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|Title:||An analysis of the influence of the local effects of climatic and hydrological factors affecting new malaria cases in riverine areas along the Rio Negro and surrounding Puraquequara Lake, Amazonas, Brazil|
|Authors:||Coutinho, Paulo Eduardo Guzzo|
Cândido, Luiz Antônio
Tadei, Wanderli Pedro
Silva Junior, Urbano Lopes da
Correa, Honorly Katia Mestre
Rio Negro [south America]
|metadata.dc.publisher.journal:||Environmental Monitoring and Assessment|
|metadata.dc.relation.ispartof:||Volume 190, Número 5|
|Abstract:||A study was conducted at three sampling regions along the Rio Negro and surrounding Puraquequara Lake, Amazonas, Brazil. The aim was to determine the influence of the local effects of climatic and hydrological variables on new malaria cases. Data was gathered on the river level, precipitation, air temperature, and the number of new cases of autochthonous malaria between January 2003 and December 2013. Monthly averages, time series decompositions, cross-correlations, and multiple regressions revealed different relationships at each location. The sampling region in the upper Rio Negro indicated no statistically significant results. However, monthly averages suggest that precipitation and air temperature correlate positively with the occurrence of new cases of malaria. In the mid Rio Negro and Puraquequara Lake, the river level positively correlated, and temperature negatively correlated with new transmissions, while precipitation correlated negatively in the mid Rio Negro and positively on the lake. Overall, the river level is a key variable affecting the formation of breeding sites, while precipitation may either develop or damage them. A negative temperature correlation is associated with the occurrence of new annual post-peak cases of malaria, when the monthly average exceeds 28.5 °C. This suggests that several factors contribute to the occurrence of new malaria cases as higher temperatures are reached at the same time as precipitation and the river levels are lowest. Differences between signals and correlation lags indicate that local characteristics have an impact on how different variables influence the disease vector’s life cycle, pathogens, and consequently, new cases of malaria. © 2018, Springer International Publishing AG, part of Springer Nature.|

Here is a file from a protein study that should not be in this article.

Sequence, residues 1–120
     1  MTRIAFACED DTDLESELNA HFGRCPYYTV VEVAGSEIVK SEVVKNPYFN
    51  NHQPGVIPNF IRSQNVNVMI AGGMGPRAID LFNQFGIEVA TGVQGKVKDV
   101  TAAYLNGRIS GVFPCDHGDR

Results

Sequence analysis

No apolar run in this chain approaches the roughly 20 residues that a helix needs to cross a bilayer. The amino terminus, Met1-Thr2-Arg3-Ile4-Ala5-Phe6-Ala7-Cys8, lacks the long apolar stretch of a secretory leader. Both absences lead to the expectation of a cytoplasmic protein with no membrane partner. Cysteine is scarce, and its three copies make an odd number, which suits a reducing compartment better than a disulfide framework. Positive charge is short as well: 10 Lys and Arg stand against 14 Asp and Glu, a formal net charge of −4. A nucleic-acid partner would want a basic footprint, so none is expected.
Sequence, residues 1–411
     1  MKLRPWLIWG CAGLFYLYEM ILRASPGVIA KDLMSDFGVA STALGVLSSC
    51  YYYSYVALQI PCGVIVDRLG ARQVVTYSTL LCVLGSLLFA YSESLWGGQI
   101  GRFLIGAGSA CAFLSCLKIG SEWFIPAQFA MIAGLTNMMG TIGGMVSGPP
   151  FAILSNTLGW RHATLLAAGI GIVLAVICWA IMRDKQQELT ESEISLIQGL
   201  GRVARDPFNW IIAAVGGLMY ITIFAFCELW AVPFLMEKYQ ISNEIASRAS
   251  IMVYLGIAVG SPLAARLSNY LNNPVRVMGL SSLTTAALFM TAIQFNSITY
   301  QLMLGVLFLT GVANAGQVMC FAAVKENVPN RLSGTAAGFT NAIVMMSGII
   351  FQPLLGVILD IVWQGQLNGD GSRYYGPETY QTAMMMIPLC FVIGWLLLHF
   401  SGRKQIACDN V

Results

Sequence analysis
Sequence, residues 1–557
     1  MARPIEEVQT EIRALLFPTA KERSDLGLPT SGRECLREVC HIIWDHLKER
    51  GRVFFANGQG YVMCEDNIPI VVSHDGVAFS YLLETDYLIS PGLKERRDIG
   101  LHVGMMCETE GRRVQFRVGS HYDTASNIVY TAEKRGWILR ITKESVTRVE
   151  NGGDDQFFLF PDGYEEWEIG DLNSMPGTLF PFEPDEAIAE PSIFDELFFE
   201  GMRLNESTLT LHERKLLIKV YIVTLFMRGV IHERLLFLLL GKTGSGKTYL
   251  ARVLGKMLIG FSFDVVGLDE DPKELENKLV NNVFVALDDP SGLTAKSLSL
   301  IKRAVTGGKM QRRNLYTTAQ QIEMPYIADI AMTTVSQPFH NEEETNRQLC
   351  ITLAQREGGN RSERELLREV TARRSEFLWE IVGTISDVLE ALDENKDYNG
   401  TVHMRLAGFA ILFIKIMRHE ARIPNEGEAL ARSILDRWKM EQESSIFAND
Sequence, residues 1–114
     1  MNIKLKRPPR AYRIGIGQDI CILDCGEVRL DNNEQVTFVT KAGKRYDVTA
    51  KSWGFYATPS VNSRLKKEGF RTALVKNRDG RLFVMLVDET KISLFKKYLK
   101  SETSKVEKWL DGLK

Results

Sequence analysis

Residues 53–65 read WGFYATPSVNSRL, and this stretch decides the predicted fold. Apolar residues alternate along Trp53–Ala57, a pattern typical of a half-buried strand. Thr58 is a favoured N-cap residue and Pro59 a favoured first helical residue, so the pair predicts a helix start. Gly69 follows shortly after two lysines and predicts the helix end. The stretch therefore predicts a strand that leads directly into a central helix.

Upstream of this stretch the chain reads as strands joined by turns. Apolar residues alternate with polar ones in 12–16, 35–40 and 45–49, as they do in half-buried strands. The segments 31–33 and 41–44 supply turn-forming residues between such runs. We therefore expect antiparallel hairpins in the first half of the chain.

|Appears in Collections:||Artigos|
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